Travel guide for Rhodes Island 16/12/2014


By far the largest and always the most powerful of the Dodecanese Islands, Rhodes (ro-dos) abounds in beaches, wooded valleys and ancient history. Whether you arrive in search of buzzing nightlife, languid sun worshipping, or diving in crystal-clear waters, or embark on a culture-vulture journey through past civilisations, it’s all here. The atmospheric Old Town of Rhodes is a maze of cobbled streets that will spirit you back to the days of the Byzantine Empire and beyond. Further south is the picture-perfect town of Lindos, a magical vision of sugar-cube houses spilling down to a turquoise bay.

With miles of beaches, a forested, mountainous interior, Crusader castles, frescoed churches, one of the finest medieval towns in the Mediterranean and eight sunny months a year, Rhodes can’t help but be a winner for holidaymakers. In a good year, nearly two million visitors pile in to stay, not counting short stopovers by numerous cruise patrons. The walled old town of Rhodes, a successive effort of the Knights Hospitaller of St John and the Ottomans, has justly been accorded Unesco World Heritage status, and rarely fails to impress with its sandstone architecture, flying buttresses over cobbled streets and a skyline exotically stooked with minarets and palm trees.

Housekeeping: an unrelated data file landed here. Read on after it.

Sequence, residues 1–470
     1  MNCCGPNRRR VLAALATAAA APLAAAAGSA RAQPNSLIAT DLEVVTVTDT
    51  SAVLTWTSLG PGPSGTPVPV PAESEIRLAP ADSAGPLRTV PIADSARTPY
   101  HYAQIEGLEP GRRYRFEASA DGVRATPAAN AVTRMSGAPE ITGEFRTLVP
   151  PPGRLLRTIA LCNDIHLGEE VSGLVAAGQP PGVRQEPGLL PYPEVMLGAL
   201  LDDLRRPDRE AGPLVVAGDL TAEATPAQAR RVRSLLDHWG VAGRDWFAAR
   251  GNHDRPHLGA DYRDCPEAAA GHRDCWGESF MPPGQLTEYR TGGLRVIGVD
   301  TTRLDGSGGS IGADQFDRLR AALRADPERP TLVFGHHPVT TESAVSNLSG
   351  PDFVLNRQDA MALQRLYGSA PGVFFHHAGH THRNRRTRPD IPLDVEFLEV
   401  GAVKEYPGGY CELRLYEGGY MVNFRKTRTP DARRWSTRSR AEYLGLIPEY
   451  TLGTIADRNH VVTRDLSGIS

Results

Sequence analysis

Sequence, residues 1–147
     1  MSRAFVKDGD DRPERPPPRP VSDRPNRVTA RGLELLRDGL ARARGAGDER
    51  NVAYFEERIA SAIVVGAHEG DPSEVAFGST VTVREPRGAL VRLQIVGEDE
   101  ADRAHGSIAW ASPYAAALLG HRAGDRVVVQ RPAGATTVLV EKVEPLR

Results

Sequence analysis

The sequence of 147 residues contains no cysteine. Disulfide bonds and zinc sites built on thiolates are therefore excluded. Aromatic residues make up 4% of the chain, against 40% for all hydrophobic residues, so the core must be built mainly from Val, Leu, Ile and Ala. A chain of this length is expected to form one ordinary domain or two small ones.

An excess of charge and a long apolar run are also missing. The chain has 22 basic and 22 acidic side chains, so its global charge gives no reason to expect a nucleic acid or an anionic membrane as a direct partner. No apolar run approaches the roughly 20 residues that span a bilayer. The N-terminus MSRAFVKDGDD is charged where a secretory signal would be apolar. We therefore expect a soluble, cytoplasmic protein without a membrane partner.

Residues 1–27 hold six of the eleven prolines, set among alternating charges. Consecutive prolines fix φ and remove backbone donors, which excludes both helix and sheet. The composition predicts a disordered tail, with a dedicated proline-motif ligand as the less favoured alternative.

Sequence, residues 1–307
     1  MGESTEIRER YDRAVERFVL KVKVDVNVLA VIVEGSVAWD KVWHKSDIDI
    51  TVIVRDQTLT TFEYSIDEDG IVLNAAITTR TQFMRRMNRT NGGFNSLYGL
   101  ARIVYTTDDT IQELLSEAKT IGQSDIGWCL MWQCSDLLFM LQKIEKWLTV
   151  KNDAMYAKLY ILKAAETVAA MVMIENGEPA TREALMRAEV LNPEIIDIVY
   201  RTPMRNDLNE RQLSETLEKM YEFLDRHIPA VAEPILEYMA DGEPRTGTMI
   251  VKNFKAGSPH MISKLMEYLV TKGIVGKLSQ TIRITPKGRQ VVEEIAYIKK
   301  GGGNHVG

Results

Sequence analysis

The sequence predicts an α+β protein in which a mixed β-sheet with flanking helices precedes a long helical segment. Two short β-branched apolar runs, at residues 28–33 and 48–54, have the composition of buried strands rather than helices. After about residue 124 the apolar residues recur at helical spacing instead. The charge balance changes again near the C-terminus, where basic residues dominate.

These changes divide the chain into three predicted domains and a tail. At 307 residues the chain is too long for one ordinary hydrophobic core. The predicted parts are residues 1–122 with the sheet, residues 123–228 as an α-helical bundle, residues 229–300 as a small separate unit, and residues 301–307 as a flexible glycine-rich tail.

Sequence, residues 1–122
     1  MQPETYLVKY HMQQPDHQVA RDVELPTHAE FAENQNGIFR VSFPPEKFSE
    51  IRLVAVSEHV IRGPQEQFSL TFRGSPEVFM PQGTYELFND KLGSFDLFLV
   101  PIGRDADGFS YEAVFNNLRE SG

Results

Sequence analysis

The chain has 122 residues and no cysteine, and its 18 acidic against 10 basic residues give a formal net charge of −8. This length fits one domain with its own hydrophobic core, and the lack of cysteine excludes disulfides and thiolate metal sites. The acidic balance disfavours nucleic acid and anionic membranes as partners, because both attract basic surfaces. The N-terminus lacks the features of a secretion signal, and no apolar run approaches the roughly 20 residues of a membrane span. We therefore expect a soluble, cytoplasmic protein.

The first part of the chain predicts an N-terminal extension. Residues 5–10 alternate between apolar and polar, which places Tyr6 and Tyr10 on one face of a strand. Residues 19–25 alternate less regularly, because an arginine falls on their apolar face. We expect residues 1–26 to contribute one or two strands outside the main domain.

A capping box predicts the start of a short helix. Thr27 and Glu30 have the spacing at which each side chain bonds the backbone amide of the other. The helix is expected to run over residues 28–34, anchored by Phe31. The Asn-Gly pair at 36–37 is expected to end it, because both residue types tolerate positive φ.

Transfers: Diagoras airport, with terminals old and new (most international flights arrive at the new one), is about 15km (nine miles) south-west of the main town on the west coast. Rhodes is a major ferry destination from all the other Dodecanese islands, Crete and several Cyclades, as well as Piraeus. Almost all craft – except cruise ships and catamarans/hydrofoils – dock at remote Akandiá,the easternmost of Rhodes Town’s three ports, well outside the medieval walls.

Rhodes is a big island so you will most certainly need a transportation vehicle to explore all of its beauties. Please check our Special Low Rates Car rental deals and book a car or a moto online. 

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